|2007-2008 - Maine||24
|2008-2009 - Maine||33
|2009-2010 - Maine||20
C&B: Regarding the broken foot, how are you progressing?
Dee: It's good. I tried to come back last week, but I think it was just a little bit too early. I blocked a shot, it was just a fluke thing and fractured my foot. I should be back this weekend, it's feeling better. I just have to get my legs back in practice this week and it should be fine for this weekend.
C&B: The Black Bears have a huge series this weekend with New Hampshire, right?
Dee: Yeah, it's probably the biggest game of the season so far. They are number one in our league and they're ranked pretty highly in the nation.
C&B: They're a top ten team.
Dee: Yeah, so if we could get two big wins, that would be huge for us. That would just keep our team rolling and give us more confidence coming down the stretch.
C&B: This is your third year in the program, have you become one of the leaders on the team?
Dee: For sure. Now that I'm an upper classmen, I try to lead on and off of the ice. I try to set an example for the younger guys. We have two great captains in Tanner House and Jeff Dimmen and the rest of the juniors and seniors just try to emulate them and try to help out our team in leading by example and any other way that we can. Overall, it's been great. Our team chemistry is unreal and we haven't had any problems. We just try to lead by example and hopefully the young guys follow us.
C&B: Like Jeff Petry and Chris VandeVelde, you went to the USHL and the NCAA. There is an undercurrent of criticism of that path in the Canadian hockey media and from Canadian fans alike. They tend to believe that the USHL and NCAA doesn't properly prepare kids for high-level hockey. How do you feel that you've been prepared in taking that path?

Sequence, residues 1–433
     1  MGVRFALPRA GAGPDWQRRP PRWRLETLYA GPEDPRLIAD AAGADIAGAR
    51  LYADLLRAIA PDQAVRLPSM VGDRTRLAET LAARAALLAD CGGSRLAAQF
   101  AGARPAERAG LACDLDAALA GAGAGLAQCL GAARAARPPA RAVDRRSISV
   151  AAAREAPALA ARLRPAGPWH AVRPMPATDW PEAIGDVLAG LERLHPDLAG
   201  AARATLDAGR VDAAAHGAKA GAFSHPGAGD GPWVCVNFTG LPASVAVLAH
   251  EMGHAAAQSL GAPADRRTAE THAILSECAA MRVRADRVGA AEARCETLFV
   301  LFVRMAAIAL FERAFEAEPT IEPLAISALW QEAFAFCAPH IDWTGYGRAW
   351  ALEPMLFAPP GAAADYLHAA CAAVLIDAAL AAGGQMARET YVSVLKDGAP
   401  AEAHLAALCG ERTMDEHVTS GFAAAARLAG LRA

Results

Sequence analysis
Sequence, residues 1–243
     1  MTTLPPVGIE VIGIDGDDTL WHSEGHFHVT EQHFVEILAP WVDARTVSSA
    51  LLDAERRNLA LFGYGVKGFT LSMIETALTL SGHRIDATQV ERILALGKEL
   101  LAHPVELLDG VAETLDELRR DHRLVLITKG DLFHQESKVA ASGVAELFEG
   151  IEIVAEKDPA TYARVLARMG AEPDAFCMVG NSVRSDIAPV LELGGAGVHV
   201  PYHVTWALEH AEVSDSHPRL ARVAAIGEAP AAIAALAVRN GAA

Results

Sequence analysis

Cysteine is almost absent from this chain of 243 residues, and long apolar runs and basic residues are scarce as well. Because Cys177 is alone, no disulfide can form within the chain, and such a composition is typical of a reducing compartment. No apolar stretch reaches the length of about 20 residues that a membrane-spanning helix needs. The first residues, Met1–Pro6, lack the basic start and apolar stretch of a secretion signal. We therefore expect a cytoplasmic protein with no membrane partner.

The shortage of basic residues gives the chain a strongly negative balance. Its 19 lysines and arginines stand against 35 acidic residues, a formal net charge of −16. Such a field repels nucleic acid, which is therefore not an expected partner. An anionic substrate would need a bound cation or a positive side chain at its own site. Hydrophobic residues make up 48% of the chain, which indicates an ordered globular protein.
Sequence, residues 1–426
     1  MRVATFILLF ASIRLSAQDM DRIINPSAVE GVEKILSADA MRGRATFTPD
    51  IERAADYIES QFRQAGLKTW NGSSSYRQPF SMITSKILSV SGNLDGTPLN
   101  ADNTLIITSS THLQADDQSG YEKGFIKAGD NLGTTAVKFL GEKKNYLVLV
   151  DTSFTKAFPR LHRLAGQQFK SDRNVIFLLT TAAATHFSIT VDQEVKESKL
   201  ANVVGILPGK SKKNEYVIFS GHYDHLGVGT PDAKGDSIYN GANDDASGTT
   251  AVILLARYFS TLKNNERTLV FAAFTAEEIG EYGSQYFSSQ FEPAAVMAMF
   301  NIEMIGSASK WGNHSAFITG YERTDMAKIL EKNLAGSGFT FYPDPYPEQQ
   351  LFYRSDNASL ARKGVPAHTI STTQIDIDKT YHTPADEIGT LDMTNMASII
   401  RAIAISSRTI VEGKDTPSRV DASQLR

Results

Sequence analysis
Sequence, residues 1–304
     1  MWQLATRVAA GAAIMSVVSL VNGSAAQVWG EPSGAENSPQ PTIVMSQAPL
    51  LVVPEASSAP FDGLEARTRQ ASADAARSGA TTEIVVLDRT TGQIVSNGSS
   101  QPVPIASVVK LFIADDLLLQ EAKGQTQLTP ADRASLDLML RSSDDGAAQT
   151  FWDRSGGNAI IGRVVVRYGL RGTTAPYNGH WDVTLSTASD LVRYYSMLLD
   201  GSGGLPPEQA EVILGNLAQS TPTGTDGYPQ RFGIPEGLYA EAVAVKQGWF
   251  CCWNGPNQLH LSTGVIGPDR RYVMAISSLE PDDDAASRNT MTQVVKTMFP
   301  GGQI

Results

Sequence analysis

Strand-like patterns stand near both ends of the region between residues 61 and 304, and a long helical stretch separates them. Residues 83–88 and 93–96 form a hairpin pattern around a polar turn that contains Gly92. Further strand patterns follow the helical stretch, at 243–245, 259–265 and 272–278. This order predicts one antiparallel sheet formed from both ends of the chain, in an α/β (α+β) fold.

Dee: It's helped me out so much. I played high school hockey in Minnesota and it was a big jump to juniors. But the USHL got me prepared for college hockey by playing a ton of games, and I played against better players, more skilled players, stronger players and that helped me out with the transition to college hockey. I was more prepared mentally, physically, and overall, the USHL helped me out a ton by gaining more experience. It would be more difficult coming to Maine right out of high school because you don't have the expierence playing against guys that are so much older than you. Those extra years really helped me out.
C&B: Are you planning on coming back for your senior year?
Dee: Yeah, for sure. I haven't really spoken with Edmonton at all, but that's the plan for right now. One day, I want to play in the NHL, so I do whatever I can to prepare myself each and every day to eventually meet my ultimate goal of getting there.
C&B: Does Edmonton stay in touch with you?
Dee: A little bit, not so much as of late, but I try not to worry about that so much. I just try to play my game. If they call me, I'll talk to them, which they did a little bit last year. I'm sure they're watching so I don't worry about it.
C&B: Thanks for the time Robby, I hope to see you guys in the post-season tournament and maybe we can catch up after that.
Dee: Thanks a lot, that would be great. Have a good day.
As for the series against New Hampshire, in Dee's first game back, he netted the game-winner in the third period as Maine won 3-2. In the second game, Dee notched the tying goal in a comeback 6-3 win. Dee went 16-9 in the faceoff circle for the series. Maine has a pair of big series upcoming versus Boston University and Kyle Bigos' Merrimack team, but they seem headed for the post-season tournament.
Thanks to Laura Reed, Assistant Athletic Director for Public Relations at the University of Maine for arranging this conversation and providing the photo of Robby Dee. Thanks to Peter Buehner and the University of Maine Athletics for the photo.